Following the halftime protest at the Yale-Harvard game, Faculty of Arts and Sciences senators are discussing the student activists’ calls for Yale to divest its holdings related to fossil fuels and Puerto Rican debt.
According to Chair of the FAS Senate John Geanakoplos, conversations among members of the FAS concerning the University’s financial policies are ongoing. The FAS Senate last met on Nov. 21, two days before the demonstration rocked “The Game.” While the FAS Senate has not yet released their agenda for the Dec. 10 meeting, the Senate Executive Committee discussed the protest when it convened on Tuesday.
“The Senate is considering this complex issue, as other University Senates are,” Geanakoplos wrote in an email to the News.
According to an official list of demands, the Yale Endowment Justice Coalition — which helped organize the 200-person halftime protest — is calling on the University to disclose and divest its holdings in fossil fuel companies and Puerto Rican debt. In a Sunday interview, Fossil Free Yale activist Nora Heaphy ’21 said both student and faculty action are important for putting pressure on universities to vacate their positions.
Yale does not disclose its holdings. According to a September statement from University spokesperson Karen Peart, Yale asked the endowment managers not to hold companies “that refuse to acknowledge the social and financial costs of climate change and that fail to take economically sensible steps to reduce greenhouse gas emissions” in 2014.
At a Tuesday meeting with the Senate Executive Committee, Senator Valerie Horsley — also a molecular, cellular and developmental biology professor — told the News that she brought up the protest.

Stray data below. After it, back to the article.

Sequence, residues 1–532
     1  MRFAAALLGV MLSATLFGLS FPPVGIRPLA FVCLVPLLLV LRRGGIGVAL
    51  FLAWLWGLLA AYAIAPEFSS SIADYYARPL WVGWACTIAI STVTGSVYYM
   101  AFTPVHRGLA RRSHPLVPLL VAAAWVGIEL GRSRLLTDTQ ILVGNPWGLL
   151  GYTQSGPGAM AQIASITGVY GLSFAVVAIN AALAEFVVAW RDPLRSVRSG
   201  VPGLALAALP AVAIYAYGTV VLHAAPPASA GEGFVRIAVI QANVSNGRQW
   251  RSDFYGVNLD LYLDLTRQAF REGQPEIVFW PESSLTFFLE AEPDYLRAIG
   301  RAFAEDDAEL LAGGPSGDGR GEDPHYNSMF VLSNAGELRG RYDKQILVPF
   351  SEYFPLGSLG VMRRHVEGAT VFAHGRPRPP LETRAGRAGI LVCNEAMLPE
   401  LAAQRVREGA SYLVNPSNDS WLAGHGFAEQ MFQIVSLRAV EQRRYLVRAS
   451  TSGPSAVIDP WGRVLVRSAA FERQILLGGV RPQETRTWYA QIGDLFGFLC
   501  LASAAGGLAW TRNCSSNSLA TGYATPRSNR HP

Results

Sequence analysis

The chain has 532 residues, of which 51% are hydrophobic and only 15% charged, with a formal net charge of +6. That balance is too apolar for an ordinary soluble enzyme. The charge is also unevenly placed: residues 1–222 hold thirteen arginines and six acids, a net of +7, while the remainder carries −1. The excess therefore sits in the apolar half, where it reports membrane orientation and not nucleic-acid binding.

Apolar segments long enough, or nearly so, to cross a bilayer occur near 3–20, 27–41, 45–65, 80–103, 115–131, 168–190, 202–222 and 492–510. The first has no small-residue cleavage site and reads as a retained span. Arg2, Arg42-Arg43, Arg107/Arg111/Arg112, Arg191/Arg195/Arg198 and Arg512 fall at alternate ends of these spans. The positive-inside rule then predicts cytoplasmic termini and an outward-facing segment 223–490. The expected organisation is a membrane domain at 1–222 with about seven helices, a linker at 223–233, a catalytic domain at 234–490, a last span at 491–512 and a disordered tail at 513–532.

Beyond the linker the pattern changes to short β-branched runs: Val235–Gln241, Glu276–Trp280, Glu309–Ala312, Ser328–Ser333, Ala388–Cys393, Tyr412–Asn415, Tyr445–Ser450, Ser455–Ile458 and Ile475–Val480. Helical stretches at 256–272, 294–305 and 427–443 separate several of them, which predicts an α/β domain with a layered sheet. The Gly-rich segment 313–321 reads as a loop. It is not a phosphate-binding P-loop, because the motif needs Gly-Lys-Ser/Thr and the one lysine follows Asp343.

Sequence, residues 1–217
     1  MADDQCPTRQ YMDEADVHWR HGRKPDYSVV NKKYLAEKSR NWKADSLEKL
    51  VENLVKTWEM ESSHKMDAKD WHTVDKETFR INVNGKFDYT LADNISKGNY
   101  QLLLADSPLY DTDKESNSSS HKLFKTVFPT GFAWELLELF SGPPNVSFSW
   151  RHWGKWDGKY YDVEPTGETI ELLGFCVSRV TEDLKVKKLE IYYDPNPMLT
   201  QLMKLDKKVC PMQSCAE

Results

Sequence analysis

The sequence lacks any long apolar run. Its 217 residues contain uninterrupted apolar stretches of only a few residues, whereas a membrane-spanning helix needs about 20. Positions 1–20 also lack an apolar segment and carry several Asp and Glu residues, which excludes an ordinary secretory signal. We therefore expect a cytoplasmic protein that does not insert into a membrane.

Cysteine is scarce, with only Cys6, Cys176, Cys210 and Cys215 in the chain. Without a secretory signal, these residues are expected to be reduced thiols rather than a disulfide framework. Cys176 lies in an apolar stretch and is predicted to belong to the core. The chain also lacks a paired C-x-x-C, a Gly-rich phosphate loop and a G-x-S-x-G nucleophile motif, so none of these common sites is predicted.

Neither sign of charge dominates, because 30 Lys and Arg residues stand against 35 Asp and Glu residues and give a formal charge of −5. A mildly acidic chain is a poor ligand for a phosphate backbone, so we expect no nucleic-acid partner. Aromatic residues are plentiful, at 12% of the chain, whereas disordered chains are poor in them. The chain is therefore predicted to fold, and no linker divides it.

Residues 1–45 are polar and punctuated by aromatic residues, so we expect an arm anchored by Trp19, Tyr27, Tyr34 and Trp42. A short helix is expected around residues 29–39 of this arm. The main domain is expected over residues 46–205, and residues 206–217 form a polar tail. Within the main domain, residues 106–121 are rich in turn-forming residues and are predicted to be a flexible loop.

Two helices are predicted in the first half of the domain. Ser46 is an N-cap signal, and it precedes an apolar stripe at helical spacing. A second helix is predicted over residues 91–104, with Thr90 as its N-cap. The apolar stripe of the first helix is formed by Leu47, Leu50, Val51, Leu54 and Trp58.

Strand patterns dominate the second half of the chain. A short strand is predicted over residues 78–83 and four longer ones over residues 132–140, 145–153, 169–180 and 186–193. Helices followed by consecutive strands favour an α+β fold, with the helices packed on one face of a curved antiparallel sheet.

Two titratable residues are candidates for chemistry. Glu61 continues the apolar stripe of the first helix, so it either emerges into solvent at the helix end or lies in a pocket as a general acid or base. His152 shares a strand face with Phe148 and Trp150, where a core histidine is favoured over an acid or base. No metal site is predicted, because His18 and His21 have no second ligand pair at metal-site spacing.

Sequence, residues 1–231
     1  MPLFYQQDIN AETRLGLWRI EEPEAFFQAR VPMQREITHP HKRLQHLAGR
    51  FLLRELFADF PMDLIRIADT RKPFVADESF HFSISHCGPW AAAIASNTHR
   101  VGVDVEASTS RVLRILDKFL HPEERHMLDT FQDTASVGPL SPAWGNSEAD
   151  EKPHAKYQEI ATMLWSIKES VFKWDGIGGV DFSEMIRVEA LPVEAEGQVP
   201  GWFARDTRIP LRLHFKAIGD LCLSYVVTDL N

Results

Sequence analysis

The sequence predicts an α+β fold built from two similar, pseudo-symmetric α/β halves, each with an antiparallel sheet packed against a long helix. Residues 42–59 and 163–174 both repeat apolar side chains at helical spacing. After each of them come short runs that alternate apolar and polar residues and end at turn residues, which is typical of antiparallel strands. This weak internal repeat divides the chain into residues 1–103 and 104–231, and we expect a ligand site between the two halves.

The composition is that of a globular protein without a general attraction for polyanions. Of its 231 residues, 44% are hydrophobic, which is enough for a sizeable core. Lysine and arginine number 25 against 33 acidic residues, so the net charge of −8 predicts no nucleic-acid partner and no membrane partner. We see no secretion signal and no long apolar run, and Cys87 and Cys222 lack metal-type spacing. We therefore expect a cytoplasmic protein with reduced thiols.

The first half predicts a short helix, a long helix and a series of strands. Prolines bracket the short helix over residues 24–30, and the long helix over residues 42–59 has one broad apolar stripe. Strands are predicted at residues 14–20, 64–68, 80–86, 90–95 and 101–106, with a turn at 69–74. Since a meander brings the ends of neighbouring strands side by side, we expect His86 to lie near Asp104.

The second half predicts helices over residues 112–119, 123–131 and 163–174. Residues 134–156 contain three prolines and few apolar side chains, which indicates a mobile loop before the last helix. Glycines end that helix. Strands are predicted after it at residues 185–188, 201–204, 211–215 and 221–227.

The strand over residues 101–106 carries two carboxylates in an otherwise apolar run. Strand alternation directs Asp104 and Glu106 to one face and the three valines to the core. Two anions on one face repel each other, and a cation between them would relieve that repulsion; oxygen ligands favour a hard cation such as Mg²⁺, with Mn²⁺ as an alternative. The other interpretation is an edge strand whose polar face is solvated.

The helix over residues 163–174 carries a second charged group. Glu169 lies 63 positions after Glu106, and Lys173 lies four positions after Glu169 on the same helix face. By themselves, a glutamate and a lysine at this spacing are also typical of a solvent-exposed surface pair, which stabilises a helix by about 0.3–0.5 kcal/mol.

“As a Yale faculty member, I want Yale to do everything it can to address climate change through its mission of research and teaching,” she wrote in an email to the News. “Its investments are another avenue of influence.”
According to Geanakoplos, the Senate is planning to hold a session next semester “to educate our faculty and ourselves about the possible ways in which we can collectively play a role in promoting climate action.” It remains unclear when the session will take place.
Tuesday’s monthly Harvard FAS meeting featured heated deliberations over divestment. Per a report from the Harvard Crimson, faculty members passionately called for Harvard’s endowment managers to “withdraw from, and henceforth not pursue” investments in companies related to fossil fuels and to replace advisers who are unwilling to comply.
In recent years, faculty members at other institutions have pressured their respective universities to divest from fossil fuel companies. At the University of California, grumblings over the school’s holdings in controversial industries date back to 2014 or even earlier. Faculty members joined protests and met with members of Fossil Free UC, a student activist group dedicated to advocating for ethical investments. This September, in a Los Angeles Times op-ed, UC investors announced that the endowment and pension fund would go “fossil-free” soon. These investors said their motivation was not entirely based on student protests. Notably, the announcement came days after student demonstrations took place on campuses across the state.
Earlier this week, Brown University’s Advisory Committee on Corporate Responsibility in Investment Policies voted 6–2–1 in favor of divesting from companies that facilitate “human rights violations in Palestine.” The news comes months after dozens of faculty members at Brown signed an online petition in support of student activists calling for such action.
The Faculty of Arts and Sciences Senate’s first meeting of 2020 will be held in Connecticut Hall, according to its website.
Matt Kristoffersen | email@example.com